Redout: Space Assault
Top Critic Average
Its phone-based origin is clear. The big battles are, at first, fun and exciting. But the fourth or fifth time when almost the same scenarios appear it is hard to summon the energy to do it all again. More variety is needed to make this on-tails space combat experience attractive in the long term.
Although it tries to shake up the shooter forumal, Redout: Space Assault doesn't fully succeed, with a lack of clear instructions and a control scheme that's not intuitive. Although there's plenty of action, it's not as satisfying as it should be to shoot your way through space.
Even with the small faults it has, that doesn’t keep Space Assault from being a great time. The action is both familiar and fun, the visuals are pretty great, and at the price of 10 bucks, you can’t really beat it. I had a great time with Redout: Space Assault; it brought back some old fond memories and let me feel like an ace space pilot with some simple controls that anyone can pick up and play. If you’re a fan of Star Fox, this is one that you don’t want to miss.
Having enjoying the racing game Redout, I was looking forward to seeing the developer’s take on the space shooting genre. They got some things right, especially the on-rails sections and creating a nice sense of speed, but there’s enough rough edges coupled with a lack of depth that relegates Redout: Space Assault to simply being an average, budget entry into the genre.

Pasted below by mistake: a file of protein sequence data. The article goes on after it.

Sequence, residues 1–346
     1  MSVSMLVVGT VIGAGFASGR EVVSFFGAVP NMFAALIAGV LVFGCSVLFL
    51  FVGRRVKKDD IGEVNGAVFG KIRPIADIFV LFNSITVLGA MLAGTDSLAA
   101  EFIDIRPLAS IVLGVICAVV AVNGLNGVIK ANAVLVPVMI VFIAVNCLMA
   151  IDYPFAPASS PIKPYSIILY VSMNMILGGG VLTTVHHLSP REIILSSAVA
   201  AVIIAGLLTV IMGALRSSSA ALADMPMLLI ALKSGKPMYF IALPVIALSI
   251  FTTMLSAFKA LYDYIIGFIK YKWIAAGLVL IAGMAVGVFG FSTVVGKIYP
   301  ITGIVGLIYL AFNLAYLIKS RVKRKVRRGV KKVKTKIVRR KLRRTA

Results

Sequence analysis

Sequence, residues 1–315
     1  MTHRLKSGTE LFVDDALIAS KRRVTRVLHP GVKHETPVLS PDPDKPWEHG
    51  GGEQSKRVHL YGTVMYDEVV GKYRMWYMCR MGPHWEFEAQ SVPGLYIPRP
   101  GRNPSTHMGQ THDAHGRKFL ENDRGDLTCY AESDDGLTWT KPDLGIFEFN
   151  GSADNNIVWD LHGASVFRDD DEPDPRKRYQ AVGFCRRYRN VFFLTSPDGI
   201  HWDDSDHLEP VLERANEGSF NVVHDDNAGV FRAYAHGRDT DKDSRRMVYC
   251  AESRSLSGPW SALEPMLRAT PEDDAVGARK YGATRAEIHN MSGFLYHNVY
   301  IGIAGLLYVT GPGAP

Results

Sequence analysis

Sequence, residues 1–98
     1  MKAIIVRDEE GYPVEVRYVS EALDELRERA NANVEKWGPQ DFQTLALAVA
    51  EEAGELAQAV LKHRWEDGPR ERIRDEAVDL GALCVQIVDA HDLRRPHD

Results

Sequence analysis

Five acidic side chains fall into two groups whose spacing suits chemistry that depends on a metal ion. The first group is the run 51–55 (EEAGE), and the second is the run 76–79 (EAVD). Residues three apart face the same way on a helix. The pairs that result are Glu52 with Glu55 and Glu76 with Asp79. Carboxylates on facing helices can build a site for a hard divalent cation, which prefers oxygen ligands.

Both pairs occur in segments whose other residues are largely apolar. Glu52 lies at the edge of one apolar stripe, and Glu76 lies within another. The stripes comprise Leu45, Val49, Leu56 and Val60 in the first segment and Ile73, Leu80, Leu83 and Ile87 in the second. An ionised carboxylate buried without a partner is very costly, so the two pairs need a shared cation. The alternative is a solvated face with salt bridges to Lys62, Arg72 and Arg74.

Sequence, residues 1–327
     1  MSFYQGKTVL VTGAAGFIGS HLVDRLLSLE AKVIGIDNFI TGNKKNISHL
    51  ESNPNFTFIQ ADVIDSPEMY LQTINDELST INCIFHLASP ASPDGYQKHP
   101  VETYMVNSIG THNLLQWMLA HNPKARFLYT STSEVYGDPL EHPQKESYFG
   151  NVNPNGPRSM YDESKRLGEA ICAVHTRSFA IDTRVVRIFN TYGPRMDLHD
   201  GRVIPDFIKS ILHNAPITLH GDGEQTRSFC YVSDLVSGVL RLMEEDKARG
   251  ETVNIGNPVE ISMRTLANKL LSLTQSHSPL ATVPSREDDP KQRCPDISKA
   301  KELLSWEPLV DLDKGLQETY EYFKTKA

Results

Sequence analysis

Evaluating the complete package, Redout: Space Assault is just one more on the market. The game has beautiful visuals and some good ideas, but there are serious problems with elements like the story and the gameplay. In other words, the game is functional and may even be interesting for some players, but it only takes some time to notice the issues.
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Redout Space Assault feels like two games; an enjoyable arcade shooter on rails, and a free-movement space-sim with no exploration. Glitches, unbalanced difficulty, and a lack of any worthwhile story weigh down what could have been much better.
Redout: Space Assault isn't a bad game by any means, it just isn't an exceptional one either. This is a bargain bin game, the kind of thing that's worth a few hours of your time after you've picked it up on a deep sale. Intense shooting action and outstanding visuals languish in the shadow of repetitive design and generally shallow gameplay, making for an experience that's just pretty good once all is said and done, but hardly something that's going to top genre lists at the close of 2021. If you like Star Fox and are simply desperate for something to fill that void, this may be a good buy right away. Otherwise, wait it out and maybe play this one a while down the road.
Most players will probably blast through Redout: Space Assault in just a few hours. It’s a game that doesn’t try to do anything special, but it provides enough entertainment, particularly if you enjoy some arcade-style space-shooting action. And for less than a tenner, that’s fair enough.
For a game that was clearly inspired by Star Fox, I was saddened to find that it was devoid of the charm that made those games so great.
Don't be fooled by the impressive visuals. This dated and deeply unsatisfying arcade shooter manages to make space combat feel flimsy, boring and anything but immersive. Perhaps on a mobile phone, its limitations can be overlooked but on a console it's not worth bothering with.